Recently, there was an article in Scientometrics about main path analysis by Liu et al. It’s supposed to help trace the development path of a scientific or technological field. Before hearing this, I was just being content with the capabilities of CitNetExplorer in showing the trends in my field of interest. However, after reading the technique’s capabilities. I was quite intrigued as it may make analyzing the overarching trend in a field of interest simpler to visualize. The only problem is that there is really no tutorial on how to do it. The only thing I found was this youtube video using Pajek, which honestly was not very informative. To add to that, I did not have experience with Pajek, and with its very intimidating interface, I really had to tinker with it. Nonetheless, after playing with it, I hacked my way into generating my own main path analysis plots.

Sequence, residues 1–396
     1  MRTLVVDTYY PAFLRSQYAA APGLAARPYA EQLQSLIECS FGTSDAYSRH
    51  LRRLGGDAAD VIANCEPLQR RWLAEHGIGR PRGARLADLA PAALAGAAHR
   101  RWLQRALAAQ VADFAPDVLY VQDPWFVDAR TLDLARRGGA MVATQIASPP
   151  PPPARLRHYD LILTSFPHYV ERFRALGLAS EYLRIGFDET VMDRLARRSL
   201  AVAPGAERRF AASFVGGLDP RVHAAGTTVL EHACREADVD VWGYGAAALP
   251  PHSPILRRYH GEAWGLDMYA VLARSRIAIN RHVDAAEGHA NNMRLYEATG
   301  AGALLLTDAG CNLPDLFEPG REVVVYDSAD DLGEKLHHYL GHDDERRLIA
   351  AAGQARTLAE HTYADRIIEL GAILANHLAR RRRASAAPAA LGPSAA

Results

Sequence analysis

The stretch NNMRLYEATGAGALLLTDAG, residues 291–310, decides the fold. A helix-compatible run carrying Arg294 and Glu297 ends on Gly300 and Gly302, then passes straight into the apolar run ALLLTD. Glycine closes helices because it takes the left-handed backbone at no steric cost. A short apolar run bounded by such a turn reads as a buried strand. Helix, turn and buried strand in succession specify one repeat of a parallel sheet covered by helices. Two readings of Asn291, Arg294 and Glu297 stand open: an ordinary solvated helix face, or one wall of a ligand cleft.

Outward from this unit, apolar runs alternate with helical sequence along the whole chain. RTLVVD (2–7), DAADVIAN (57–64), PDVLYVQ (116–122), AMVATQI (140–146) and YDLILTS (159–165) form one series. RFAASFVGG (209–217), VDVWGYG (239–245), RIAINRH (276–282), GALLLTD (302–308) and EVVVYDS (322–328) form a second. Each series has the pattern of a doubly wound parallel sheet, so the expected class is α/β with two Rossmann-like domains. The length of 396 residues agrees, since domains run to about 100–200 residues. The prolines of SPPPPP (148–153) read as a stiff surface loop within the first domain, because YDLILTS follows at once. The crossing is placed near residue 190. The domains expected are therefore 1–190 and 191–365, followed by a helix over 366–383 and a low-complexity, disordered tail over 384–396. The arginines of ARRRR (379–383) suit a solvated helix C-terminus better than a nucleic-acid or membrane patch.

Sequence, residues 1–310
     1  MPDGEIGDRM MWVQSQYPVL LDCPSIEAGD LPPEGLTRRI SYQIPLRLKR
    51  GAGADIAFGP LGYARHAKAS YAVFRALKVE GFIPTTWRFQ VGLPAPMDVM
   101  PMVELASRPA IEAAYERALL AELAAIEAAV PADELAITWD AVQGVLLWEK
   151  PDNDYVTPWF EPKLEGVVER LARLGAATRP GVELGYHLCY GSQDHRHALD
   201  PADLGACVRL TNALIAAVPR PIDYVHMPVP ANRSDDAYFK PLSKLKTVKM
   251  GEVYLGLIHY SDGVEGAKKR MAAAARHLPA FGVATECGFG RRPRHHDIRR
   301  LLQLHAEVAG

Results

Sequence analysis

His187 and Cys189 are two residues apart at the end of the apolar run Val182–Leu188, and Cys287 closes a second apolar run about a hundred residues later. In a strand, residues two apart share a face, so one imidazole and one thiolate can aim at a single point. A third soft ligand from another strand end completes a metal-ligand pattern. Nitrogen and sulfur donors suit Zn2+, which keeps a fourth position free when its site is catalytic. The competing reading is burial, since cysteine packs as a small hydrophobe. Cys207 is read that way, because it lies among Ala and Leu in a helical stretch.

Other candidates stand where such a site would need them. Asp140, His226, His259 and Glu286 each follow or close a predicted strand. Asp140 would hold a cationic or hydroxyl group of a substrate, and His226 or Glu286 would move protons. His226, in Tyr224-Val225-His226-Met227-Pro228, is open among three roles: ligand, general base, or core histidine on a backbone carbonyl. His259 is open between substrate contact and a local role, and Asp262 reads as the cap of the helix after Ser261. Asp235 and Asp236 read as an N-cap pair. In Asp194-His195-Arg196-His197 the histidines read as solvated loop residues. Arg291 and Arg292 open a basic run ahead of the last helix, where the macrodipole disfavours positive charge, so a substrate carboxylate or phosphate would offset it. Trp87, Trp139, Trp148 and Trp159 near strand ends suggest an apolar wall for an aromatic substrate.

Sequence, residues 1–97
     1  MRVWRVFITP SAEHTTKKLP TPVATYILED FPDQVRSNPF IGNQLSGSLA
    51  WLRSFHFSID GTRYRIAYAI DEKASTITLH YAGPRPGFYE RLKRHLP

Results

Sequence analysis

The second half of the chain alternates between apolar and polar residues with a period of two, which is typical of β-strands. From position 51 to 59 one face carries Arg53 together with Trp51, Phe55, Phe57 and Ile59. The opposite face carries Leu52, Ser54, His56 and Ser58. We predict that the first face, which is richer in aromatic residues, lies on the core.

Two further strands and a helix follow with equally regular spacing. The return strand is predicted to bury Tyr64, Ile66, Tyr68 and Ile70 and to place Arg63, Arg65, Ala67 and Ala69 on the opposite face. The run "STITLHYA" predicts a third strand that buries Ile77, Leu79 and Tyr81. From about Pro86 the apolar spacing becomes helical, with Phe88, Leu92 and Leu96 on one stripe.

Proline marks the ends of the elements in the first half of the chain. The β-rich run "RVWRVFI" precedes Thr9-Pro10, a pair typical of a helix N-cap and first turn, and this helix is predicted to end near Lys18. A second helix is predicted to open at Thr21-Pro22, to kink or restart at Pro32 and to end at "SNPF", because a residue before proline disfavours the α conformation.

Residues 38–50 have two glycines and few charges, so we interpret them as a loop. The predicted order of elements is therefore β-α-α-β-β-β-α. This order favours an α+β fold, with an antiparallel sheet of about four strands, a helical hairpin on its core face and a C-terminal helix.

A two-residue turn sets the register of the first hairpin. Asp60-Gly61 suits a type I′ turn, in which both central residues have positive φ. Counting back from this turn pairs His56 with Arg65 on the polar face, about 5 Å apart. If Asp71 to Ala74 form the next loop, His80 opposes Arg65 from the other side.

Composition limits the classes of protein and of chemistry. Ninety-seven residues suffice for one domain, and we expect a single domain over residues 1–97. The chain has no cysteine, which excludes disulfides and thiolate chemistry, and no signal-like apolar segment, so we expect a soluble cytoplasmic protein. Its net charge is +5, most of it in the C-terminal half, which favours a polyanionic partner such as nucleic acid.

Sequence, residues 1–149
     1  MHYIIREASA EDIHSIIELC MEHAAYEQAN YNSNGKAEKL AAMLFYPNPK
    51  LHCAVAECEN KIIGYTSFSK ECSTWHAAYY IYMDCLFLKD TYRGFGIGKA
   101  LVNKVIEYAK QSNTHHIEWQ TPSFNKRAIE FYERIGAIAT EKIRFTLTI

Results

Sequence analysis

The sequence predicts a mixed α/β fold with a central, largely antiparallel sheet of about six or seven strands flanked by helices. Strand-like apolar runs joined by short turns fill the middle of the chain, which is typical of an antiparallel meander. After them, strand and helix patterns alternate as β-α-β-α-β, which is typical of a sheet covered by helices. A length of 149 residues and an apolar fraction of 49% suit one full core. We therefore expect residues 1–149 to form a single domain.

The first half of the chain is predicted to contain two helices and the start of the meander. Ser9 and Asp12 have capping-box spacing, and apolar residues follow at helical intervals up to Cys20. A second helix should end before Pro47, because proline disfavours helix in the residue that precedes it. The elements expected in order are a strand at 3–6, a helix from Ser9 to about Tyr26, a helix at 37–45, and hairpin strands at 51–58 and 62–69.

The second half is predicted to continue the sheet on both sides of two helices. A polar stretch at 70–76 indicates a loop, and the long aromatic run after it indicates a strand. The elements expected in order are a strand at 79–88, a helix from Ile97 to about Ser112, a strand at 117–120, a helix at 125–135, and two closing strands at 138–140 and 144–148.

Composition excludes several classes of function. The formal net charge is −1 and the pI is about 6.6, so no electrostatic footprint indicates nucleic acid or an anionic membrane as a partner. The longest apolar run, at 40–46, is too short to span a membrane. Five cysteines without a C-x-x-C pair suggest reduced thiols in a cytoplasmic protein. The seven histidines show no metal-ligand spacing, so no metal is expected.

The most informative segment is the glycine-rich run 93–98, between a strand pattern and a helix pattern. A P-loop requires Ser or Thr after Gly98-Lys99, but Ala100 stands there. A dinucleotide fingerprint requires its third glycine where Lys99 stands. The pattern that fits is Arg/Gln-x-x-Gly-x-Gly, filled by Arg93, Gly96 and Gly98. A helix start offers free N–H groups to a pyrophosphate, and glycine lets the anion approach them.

In the following, I will explain the process. Note that I do not have much experience with Pajek so there might be easier ways to do it.
The workflow I engineered was this (more explanation in the coming days):
- Download articles from Web of Knowledge
- Import articles to CitNetExplorer
- Export the citation network file from CitNetExplorer
- Reformat the file into a Pajek .net file
- Import Pajek net file to Pajek
- Run Network -> Acyclic Network -> Create Weighted Network + Vector -> Trasversal Weights -> Search Path Link Count (SPLC). Note that you can choose others weights such as SPC and SPNP. In the article above however, they recommended SPLC as they said that it somehow reflects how knowledge diffuse in real life.
- Run Network -> Acyclic Network -> Create (Sub)Network -> Main Paths -> Global Search -> Key-Route
- Enter an arbitrary number of routes. I tried 1-50.
- Run Draw -> Network
- Run Layout -> Kamada Kawai -> Fix first and last vertex
This is a sample map for the field of Fragment-based drug discovery.
[In progress. Updates in the coming days]